We understand that there is a long tradition in law schools of students being evaluated by a single exam at the end of a semester or year. When this happens, recognize that you are surrounded, hold tight to your roots, and remember your marigolds. Those of us who have taught at the School for a number of years can tell you that we certainly do see students become increasingly comfortable with this set of intellectual challenges over the course of their years with us.
I wrote back to the dean telling him I would respond more substantively in the next few days. Schools like Waterloo and UBC, already considered prestigious, are joining an elite club of universities that are inaccessible to all but the highest achieving students.
Anyone who would like to join in on sending it with me is more than welcome would love to get a big group of students behind this. The Marigold Effect Many experienced gardeners follow a concept called companion planting: placing certain vegetables and plants near each other to improve growth for one or both plants.
It doesn't take a lot of time. Maybe some bombardment of letters will actually accomplish something. He writes that it can "complicate the job search" and gives the highly illuminating explanation that it "can impact students in other ways as well. The convergence of high school marks at the high end of the grading scale has been blamed, in part, on pressure from university-bound students hoping to get an edge on the competition.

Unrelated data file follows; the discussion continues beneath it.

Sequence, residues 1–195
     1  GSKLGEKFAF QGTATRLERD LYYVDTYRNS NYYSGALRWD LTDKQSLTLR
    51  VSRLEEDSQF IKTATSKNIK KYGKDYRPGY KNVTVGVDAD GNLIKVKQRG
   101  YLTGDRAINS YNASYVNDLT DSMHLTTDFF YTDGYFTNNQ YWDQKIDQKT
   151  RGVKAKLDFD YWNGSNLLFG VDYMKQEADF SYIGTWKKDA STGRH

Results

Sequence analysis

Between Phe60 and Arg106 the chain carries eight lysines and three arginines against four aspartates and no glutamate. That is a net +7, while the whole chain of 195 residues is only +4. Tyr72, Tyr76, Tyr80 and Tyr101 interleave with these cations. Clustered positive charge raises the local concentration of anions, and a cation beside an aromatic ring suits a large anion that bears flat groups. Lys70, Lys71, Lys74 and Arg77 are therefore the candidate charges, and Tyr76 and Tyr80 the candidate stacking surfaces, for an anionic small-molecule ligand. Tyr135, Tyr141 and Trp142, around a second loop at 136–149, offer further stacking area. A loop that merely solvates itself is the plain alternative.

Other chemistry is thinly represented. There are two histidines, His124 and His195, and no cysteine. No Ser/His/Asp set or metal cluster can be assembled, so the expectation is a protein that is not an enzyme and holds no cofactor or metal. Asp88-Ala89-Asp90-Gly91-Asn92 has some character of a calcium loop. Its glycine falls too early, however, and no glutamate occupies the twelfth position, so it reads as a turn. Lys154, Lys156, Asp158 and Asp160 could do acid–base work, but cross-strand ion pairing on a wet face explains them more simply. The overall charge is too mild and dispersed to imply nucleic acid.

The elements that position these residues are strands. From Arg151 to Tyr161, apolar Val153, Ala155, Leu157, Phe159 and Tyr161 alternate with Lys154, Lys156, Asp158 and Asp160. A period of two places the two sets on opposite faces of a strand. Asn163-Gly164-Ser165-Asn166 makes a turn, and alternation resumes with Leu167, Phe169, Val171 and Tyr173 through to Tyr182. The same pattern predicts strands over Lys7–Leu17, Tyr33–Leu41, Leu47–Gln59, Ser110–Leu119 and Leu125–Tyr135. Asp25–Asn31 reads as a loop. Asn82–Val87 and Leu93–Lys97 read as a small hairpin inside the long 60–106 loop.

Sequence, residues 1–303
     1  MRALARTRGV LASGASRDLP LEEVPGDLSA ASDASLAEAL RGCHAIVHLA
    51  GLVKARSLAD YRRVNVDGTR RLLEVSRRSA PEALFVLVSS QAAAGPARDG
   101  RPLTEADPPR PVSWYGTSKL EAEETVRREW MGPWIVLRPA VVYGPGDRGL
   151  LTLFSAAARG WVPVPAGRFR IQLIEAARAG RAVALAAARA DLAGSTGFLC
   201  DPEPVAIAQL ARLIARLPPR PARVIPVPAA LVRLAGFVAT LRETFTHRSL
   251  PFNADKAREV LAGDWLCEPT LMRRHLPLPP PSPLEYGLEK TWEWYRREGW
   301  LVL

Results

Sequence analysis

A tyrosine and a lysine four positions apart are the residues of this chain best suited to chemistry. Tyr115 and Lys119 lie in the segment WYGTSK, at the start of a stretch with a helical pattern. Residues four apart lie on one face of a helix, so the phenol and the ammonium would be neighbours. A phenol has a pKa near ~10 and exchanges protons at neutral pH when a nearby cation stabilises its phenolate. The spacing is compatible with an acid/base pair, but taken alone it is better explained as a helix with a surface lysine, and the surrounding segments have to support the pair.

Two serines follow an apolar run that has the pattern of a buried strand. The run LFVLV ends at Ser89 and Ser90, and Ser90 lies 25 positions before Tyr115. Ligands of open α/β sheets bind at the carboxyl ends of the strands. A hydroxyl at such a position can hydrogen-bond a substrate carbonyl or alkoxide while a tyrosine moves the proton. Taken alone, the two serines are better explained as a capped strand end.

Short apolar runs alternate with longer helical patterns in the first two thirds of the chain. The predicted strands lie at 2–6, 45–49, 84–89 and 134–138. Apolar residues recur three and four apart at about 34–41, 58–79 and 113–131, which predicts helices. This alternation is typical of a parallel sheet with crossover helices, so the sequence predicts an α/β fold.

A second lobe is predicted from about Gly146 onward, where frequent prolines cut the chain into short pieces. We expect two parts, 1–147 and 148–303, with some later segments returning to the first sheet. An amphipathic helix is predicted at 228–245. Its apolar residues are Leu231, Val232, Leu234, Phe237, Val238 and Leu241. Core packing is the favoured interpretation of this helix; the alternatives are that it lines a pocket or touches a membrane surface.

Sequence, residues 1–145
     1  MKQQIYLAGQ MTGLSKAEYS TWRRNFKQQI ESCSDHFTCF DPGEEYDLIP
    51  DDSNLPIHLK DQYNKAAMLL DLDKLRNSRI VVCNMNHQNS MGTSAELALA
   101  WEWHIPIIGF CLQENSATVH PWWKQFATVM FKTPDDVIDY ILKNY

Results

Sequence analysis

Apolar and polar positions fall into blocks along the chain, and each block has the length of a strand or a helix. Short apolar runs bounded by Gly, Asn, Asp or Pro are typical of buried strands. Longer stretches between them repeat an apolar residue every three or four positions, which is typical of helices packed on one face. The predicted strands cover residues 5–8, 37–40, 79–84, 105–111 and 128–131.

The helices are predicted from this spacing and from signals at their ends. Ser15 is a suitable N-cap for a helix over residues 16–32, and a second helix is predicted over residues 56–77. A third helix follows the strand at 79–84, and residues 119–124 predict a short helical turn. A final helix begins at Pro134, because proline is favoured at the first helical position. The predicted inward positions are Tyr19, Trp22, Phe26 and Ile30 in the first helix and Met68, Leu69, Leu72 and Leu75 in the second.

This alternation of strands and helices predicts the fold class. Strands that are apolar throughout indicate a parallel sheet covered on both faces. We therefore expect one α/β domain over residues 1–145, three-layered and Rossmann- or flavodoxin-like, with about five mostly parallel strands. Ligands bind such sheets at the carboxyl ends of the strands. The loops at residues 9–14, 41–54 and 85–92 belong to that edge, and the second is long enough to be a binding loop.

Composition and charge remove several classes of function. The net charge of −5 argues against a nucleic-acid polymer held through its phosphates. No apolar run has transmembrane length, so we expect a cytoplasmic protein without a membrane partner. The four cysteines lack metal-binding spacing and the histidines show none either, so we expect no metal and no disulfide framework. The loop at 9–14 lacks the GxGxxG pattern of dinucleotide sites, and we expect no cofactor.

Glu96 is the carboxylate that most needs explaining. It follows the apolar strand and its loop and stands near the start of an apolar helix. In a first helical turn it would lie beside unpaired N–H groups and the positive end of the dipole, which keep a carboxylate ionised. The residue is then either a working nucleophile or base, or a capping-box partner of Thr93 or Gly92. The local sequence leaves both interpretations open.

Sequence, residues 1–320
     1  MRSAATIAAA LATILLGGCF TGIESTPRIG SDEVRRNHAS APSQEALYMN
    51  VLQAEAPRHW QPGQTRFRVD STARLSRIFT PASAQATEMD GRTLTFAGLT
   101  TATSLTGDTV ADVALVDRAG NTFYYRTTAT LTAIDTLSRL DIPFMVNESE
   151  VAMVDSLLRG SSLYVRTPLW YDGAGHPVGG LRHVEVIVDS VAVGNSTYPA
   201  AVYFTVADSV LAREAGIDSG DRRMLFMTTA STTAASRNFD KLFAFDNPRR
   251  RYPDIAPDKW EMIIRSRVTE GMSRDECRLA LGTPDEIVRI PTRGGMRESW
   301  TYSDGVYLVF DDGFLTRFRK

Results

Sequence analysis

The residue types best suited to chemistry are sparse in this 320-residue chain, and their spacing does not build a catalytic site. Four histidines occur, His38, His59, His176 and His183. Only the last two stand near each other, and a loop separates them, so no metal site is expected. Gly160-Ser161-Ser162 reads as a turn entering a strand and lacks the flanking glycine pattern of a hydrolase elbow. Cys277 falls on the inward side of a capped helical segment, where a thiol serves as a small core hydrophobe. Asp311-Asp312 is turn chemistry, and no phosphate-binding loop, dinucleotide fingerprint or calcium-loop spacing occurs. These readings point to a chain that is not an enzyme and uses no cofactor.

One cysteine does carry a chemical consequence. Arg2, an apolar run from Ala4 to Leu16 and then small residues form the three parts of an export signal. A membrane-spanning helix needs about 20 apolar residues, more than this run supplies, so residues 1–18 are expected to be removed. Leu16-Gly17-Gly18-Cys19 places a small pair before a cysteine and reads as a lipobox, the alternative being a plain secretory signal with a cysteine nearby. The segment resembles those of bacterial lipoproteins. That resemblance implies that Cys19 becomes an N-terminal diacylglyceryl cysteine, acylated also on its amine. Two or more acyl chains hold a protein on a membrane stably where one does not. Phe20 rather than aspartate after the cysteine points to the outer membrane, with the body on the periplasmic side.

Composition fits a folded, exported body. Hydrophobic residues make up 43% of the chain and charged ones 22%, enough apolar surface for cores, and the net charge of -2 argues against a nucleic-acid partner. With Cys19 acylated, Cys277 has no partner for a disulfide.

There are larger issues at play apart from busy professors that contribute to the lack of adequate feedback. Not only do people prepare heavily for interviews, most resumes are highly doctored. You can identify them by the way they congratulate you on arrival, rather than asking why anyone would want this godforsaken job.
The good meat that gets a good labels gains confidence and becomes a good lawyer, and the bad meat that gets a good label gets a good start, but is soon doomed by the fact that they are bad meat.